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Northrop Paid Cover-Up Money, Court Papers Say : Aerospace: A sealed filing details new allegations in the company's bid to sell F-20 fighters.

October 27, 1989|RALPH VARTABEDIAN | TIMES STAFF WRITER

In a sealed filing in a Korean civil lawsuit, Northrop has been accused of paying $6.25 million in an influence-peddling scheme to sell jet fighters in Korea and then paying an additional $1.5 million to cover it up.

The filing, which was made last May by Korean defendants in a suit brought by Northrop, contains a number of new allegations about Northrop's unusual relationship with various Koreans in the mid-1980s.

The court document was provided to The Times by the House Energy and Commerce Committee, which is probing the matter and has held an acrimonious hearing at which Northrop officials were grilled for hours. The allegations are also under investigation by a federal grand jury in Los Angeles.

Northrop paid $6.25 million in 1984 to a group of Koreans led by the late, politically powerful Park Chong Kyu, ostensibly to build a luxury hotel in Seoul. The hotel was supposed to garner good will at a time when the Los Angeles-based firm was attempting to sell its F-20 jet fighters to the Korean air force.

A separate agreement with another organization controlled by Park provided that a passenger bus company would be Northrop's marketing representative in Korea, earning a commission of up to $55 million if a sale went through.

The original $6.25 million in Northrop funds for the hotel remains unaccounted for, the hotel was never built and Northrop never sold a single F-20 fighter to Korea or anybody else. Even though no sales commissions were earned by Park, Northrop agreed to pay his representatives $1.5 million in 1986.

Northrop has insisted that it was defrauded in an honest business venture and has filed the civil fraud suit in Korea against the survivors of Park and other associates in an effort to recover its money. In its own court filings, Northrop has asserted that the allegations raised by the defendants in the civil suit remain unsubstantiated.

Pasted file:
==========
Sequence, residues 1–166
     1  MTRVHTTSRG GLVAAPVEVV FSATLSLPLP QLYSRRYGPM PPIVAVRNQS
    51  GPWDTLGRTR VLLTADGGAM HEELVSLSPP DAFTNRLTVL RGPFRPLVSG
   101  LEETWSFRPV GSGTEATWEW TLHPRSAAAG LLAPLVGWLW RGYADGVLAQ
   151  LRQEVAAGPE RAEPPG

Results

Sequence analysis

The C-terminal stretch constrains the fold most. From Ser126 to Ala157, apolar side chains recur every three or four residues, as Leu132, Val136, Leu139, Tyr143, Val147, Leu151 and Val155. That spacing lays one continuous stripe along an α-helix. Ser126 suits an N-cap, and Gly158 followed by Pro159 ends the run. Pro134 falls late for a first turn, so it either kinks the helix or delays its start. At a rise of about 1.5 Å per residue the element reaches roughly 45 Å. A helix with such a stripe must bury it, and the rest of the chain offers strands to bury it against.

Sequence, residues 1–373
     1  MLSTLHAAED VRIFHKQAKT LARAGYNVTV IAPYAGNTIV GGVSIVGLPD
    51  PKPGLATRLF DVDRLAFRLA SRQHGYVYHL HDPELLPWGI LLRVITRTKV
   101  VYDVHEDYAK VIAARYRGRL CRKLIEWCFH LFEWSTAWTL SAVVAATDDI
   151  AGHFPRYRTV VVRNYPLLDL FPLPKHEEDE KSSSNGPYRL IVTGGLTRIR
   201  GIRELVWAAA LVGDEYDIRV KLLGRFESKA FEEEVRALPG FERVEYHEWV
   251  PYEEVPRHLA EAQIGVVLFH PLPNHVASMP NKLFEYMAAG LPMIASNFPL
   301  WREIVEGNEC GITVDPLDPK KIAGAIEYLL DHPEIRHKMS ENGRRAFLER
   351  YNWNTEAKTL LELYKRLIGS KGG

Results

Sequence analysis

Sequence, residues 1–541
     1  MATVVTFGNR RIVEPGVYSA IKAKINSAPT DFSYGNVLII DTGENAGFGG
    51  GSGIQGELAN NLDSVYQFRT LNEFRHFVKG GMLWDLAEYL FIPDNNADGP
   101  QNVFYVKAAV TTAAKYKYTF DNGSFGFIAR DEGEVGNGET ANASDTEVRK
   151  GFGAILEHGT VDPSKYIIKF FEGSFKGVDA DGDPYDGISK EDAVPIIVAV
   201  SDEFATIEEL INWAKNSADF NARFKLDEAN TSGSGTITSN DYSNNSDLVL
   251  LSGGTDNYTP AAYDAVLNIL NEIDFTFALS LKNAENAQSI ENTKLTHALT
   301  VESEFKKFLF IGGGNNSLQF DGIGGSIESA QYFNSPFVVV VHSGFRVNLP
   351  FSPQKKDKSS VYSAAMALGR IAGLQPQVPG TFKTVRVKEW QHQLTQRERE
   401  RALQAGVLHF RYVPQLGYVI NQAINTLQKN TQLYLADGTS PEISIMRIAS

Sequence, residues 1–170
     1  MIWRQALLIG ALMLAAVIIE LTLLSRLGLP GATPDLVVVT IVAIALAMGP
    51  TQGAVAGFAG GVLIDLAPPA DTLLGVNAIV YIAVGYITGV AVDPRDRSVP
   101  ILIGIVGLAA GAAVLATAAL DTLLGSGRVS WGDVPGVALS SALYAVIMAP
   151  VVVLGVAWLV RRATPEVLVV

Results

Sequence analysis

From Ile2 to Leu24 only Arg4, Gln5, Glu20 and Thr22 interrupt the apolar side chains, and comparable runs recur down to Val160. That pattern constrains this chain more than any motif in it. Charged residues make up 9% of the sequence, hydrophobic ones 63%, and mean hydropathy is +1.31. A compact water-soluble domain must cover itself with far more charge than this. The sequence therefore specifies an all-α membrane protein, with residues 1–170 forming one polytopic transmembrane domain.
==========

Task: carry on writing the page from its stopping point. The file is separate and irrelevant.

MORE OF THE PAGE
But a number of irregularities in the deal have surfaced, including Northrop's handling of the funds and the sometimes shadowy cast of characters with whom it chose to do business in Korea.

James K. Shin, a former Honolulu night club operator whom Northrop hired as a consultant for $102,000 a year, has alleged that the Korean payments were part of a lobbying fund intended to win influence in the Korean government. Northrop is under investigation for violations of the U.S. Foreign Corrupt Practices Act, which bars U.S. firms from making foreign bribes.

The defendants in Northrop's Korean lawsuit allege that the firm "made payments to some Koreans whom Northrop believed could influence the Korean government to purchase aircraft." They further assert that "Northrop knowingly deviated from the legal and prudent method of making a foreign investment in Korea."

Some of the revelations arose in a criminal proceeding, in which Korean prosecutors questioned a number of witnesses, some of whom are now defendants in Northrop's civil suit and others of whom are not. Excerpts from the testimony were included in the defendants' response to the Northrop suit. That filing, labeled the "Defendants' Statement of Defense," alleges that a group of high-ranking Northrop vice presidents and attorneys negotiated the hotel deal as a cover to pay the $6.25 million to Park.

But the firm failed to complete a list of requirements set down by Korean law on foreign investments and joint ventures, including failing to get prior approval from the Korean minister of finance.

Even though Northrop was aware of those requirements, the company wired the $6.25 million to a Hong Kong bank in 1984 before any of them had been fulfilled, the filing said, and even before a joint operating agreement between the parties became effective. It "was completely improper and illogical," the filing said.

In another unexplained irregularity, the funds were wired to a Hong Kong account that was controlled by a "young woman" who was an acquaintance of Park, according to the filing. The filing also indicates that money was divided up between Shin, Park and his relatives, and a few others. Whatever became of the money after that is unknown.

In Northrop's court filing, the company asserts that its Korean partners "spent the entire $6.25 million that they stole for their personal use and benefit" and then "proceeded to cover up that fraud for nearly two years."

Since details about the Korean deal surfaced in 1988, three Northrop vice presidents involved in the deal have resigned. Last year, the Northrop board of directors reprimanded company chairman Thomas V. Jones for his role in the matter.

After it became apparent that the hotel deal had fallen apart and no F-20 aircraft would be sold to Korea, Northrop's board insisted that management recover the $6.25-million investment.

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